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Financial assistance

Financial assistance
Here we provide information about financial assistance that may be available for people with kidney disease, especially those on dialysis or having a kidney transplant.

There are also links to organisations and programs that may be useful.

Assistance for home dialysis
Under the federal government’s Essential Medical Equipment Payment program, people on home dialysis may be eligible for assistance with the costs of running their dialysis machine and medically required heating or cooling, or both.

You may also be eligible for other concessions for electricity and water costs. Further details, including a guide to concessions available in each state and territory, can be found on our home dialysis website here.

Early access to preserved superannuation funds
If you have kidney disease and are under financial stress, you may be able to access your preserved superannuation if:

  • you have been on Centrelink payments for at least six months and can't pay living expenses (you may be able to claim up to $10,000 per annum)
  • you are over the retirement age (55 to 60) and have been on Centrelink payments for nine months (you may be able to claim all your super)
  • you, or a dependant, need money to pay for palliative care, funeral expenses, modifications to your home or car, or medical and transport expenses for treatment outside the public health system
  • you need funds to cover loan repayments to prevent the sale of your home (you may be able to claim up to 3 months of repayments plus 12 months interest)
  • you are permanently incapacitated (you may be able to claim all of your super)
  • the preserved amount of your superannuation is up to $200
  • you are a temporary resident and permanently leave Australia (you may be able to claim all of your super).

Total and permanent disability benefits
In order to be eligible for a total and permanent disability benefit you need to prove you cannot return to your usual job or other suitable work that fits your education, training or experience.

Many people with a disability such as kidney disease will qualify for a benefit, as will many on disability support pensions.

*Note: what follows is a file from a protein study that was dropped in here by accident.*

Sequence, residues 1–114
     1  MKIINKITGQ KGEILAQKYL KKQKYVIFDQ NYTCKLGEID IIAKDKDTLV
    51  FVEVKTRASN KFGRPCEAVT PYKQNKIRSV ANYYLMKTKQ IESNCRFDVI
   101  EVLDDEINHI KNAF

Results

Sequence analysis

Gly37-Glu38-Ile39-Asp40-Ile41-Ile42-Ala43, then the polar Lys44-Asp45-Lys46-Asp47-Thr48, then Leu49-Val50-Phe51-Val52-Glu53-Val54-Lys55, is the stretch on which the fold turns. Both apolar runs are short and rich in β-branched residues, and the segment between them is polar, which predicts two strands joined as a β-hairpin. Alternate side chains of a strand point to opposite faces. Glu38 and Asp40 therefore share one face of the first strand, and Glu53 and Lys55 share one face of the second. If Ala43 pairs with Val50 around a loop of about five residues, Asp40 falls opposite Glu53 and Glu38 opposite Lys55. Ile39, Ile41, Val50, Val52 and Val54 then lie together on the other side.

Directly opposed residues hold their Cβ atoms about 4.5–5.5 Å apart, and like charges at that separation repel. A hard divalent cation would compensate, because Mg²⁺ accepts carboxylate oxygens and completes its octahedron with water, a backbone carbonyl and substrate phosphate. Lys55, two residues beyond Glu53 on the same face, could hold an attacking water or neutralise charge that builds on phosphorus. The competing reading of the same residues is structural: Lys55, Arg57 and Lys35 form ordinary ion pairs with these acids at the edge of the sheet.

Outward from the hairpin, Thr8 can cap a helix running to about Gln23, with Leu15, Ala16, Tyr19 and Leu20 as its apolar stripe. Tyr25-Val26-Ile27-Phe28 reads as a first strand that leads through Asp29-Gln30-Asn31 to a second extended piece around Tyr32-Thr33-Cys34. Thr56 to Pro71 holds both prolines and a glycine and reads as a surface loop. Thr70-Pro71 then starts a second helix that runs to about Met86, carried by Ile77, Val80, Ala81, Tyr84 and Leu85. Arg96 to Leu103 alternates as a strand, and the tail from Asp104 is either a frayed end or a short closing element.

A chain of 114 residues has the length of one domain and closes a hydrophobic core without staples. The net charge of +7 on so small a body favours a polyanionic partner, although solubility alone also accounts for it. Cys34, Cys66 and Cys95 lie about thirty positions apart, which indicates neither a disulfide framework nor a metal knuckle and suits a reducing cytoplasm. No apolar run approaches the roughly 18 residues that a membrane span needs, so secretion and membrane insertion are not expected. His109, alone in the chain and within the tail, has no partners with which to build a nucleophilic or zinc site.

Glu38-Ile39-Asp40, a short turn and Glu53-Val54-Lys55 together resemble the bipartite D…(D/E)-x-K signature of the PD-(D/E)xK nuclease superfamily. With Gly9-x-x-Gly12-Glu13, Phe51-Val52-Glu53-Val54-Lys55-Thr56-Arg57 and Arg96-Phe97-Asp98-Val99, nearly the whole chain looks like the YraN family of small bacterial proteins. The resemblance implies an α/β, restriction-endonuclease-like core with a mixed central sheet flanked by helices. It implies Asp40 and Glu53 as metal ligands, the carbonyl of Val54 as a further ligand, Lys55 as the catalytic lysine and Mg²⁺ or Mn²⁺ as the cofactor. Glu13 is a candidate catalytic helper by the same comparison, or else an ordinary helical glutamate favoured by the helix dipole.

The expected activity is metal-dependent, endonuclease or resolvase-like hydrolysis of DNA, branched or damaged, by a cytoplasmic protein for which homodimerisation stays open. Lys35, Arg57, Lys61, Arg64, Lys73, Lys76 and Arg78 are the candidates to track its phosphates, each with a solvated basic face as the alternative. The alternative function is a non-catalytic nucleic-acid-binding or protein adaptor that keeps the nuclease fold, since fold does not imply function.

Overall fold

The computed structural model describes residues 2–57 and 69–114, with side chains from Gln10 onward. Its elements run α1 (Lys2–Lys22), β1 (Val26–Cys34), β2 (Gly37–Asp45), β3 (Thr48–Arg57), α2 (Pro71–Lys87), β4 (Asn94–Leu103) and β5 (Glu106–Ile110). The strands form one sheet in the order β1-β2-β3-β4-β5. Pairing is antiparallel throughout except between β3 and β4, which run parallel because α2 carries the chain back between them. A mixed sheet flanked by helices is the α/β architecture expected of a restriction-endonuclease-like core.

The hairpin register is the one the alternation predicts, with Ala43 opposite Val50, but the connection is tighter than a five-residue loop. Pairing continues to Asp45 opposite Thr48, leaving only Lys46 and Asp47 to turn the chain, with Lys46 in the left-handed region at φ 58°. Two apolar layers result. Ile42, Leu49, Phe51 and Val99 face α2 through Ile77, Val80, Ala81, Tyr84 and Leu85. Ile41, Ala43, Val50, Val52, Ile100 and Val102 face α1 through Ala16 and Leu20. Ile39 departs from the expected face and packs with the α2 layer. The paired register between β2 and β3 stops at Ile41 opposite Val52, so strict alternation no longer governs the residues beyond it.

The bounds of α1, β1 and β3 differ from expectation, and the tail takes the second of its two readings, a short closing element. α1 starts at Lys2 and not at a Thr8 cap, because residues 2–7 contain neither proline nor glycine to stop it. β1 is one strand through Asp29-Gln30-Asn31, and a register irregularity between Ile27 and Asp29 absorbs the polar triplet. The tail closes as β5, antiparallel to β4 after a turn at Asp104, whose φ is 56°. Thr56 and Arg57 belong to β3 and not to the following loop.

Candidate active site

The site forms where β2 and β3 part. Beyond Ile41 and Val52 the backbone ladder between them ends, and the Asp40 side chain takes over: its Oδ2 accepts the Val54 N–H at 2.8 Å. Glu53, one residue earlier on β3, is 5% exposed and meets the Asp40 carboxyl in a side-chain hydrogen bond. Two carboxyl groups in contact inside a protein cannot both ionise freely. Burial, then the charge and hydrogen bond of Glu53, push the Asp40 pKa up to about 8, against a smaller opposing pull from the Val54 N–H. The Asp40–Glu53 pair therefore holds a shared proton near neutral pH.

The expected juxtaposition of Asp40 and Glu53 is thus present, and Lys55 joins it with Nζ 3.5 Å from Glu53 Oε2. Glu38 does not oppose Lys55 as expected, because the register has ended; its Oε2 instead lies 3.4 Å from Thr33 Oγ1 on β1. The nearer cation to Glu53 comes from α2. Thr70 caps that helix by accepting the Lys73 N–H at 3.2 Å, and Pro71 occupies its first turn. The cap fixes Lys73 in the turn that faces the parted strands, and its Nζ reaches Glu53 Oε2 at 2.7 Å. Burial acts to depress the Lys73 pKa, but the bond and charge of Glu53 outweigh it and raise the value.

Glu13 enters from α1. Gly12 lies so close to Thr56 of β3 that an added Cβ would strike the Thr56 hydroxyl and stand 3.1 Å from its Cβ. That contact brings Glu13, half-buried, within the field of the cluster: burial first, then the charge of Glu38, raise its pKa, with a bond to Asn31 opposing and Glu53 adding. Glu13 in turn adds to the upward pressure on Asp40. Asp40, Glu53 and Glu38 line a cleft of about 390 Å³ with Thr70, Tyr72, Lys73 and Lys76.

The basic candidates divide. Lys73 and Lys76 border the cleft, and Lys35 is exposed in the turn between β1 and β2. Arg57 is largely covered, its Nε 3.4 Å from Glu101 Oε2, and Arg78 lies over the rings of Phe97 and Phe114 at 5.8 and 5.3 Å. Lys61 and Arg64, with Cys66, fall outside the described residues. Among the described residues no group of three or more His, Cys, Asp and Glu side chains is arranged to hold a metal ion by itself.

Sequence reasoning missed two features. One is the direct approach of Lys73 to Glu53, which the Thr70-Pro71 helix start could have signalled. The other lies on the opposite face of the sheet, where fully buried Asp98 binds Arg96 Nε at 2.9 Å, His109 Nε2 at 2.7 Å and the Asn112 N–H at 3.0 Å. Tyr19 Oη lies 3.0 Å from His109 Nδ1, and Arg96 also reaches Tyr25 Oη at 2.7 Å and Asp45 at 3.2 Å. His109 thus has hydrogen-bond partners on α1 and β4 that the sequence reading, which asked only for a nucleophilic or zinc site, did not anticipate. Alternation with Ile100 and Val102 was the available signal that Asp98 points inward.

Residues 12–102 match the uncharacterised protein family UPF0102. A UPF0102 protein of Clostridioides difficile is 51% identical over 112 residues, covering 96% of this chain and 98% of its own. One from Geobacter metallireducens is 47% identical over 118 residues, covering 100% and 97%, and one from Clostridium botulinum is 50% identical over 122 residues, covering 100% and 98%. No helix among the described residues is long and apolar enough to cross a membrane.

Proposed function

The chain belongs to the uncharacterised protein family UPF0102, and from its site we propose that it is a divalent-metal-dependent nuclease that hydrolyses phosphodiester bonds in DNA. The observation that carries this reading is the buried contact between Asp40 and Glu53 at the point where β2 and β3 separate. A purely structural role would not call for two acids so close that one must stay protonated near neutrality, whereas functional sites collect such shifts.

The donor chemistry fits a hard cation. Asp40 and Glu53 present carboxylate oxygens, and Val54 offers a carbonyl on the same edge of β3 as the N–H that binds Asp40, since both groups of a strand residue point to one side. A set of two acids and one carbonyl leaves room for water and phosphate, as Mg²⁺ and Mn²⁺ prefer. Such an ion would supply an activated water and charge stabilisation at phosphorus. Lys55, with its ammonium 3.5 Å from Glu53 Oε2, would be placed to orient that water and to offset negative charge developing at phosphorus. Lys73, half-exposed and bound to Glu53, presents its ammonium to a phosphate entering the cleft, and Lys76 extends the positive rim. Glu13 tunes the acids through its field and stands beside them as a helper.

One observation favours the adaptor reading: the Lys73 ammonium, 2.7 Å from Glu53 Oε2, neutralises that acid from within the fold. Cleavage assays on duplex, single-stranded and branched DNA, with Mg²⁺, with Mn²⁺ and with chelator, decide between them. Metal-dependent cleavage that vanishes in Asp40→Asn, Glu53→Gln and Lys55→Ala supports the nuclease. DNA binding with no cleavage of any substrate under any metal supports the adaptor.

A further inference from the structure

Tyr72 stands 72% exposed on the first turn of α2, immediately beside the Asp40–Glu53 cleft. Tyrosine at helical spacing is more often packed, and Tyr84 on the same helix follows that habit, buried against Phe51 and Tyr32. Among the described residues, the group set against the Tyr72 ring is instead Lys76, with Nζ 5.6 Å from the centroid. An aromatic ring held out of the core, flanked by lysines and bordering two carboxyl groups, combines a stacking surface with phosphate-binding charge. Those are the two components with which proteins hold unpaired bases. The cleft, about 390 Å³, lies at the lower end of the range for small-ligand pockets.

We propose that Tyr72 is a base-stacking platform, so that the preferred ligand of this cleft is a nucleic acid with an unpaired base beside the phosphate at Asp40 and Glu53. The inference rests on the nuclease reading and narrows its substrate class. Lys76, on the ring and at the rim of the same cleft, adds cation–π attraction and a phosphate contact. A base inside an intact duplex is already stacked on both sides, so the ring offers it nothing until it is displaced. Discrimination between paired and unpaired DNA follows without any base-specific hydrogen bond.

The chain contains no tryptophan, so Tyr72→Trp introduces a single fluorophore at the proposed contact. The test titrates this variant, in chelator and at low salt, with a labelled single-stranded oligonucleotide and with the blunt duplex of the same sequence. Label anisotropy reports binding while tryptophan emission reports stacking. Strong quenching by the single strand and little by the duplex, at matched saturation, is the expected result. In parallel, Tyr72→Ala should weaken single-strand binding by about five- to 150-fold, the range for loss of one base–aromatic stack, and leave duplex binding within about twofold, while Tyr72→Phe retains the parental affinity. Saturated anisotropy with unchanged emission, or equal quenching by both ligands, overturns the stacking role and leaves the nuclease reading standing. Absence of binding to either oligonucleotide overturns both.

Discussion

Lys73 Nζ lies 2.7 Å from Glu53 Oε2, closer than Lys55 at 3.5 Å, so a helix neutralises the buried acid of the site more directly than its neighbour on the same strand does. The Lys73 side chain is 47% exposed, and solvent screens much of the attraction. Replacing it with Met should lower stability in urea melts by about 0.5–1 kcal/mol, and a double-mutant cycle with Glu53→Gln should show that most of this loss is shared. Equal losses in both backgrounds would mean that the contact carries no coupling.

You don't need to be unfit for any work at all. For example, if you have only ever done manual work and can't do it now, but doctors say you could do office work, you may still be eligible.

Superannuation disability benefits 
Most superannuation policies include benefits for disabilities such as kidney disease. Superannuation disability benefits are paid as lump sums for total and permanent disability, or disability pensions, or both.

These are usually insurance benefits that 'top up' the contributions in your fund if you need to stop work. 

Advice from experts
Disability claims can be complicated and it's important to find out about your rights. There are time limits for appeals to the courts, so you should get help from an experienced lawyer before making a claim or appeal.

We are grateful to John Berrill from Maurice Blackburn Lawyers for helping us compile our information on superannuation and insurance benefits. Free advice from the firm is available for people with chronic kidney disease.

You can phone them on freecall 1800 810 812 or visit their website here.

Travel assistance
People with kidney disease traveling from rural and regional areas to the city for treatment may be eligible for financial support under various state government schemes. Refer to the sites below for details of concessions and subsidies:

Private health insurance
Some private health insurance policies cover chronic kidney disease, including dialysis. You can check what’s available on the Compare the Market website here.

The federal government provides helpful information about comparing health insurance policies. Phone 1300 737 299 or visit their website here.

If you have a complaint against a health insurer, you can seek assistance from the federal government’s Private Health Insurance Ombudsman. Phone 1800 640 695 or visit their website here.

To access your private health records, contact the Office of the Australian Information Commissioner. Phone 1300 63 992 or visit their website here.

Assistance for carers
If a carer is helping you with dialysis and other activities of daily living, you may be eligible for carer financial assistance. To find out, phone Centrelink on 132 7171 or check the Centrelink Payment Finder here.

Another handy link to details about payments is the Department of Human Services website page, which you can visit here.

You can also find information about assistance for carers here.

Other useful links
Carers Australia – the national peak body representing Australia’s carers.
Children with Disability Australia – the national peak body representing children and young people with disability.
Chronic Illness Alliance – contains a plain English web guide to legal issues around health and life changes.
Consumers Health Forum of Australia – covers issues including health financing, privacy, patient safety, use of medicines, clinical standards and general practice.
Department of Social Services – contains information for people with a disability and their carers.
Medicare: Allied Health Initiative – allows people with a chronic illness to access Medicare rebates for allied health services.
Medicare: Chronic medical condition assistance – provides details of support available if you have a chronic medical condition.
Medicare Safety Net – details financial assistance for high costs for out-of-hospital medical services.
Pharmaceutical Benefits Scheme – provide details of help available to cover the cost of a wide range of prescription medicines.
Switchwise – provides a comparison calculator for finding the lowest-cost energy provider in your State.


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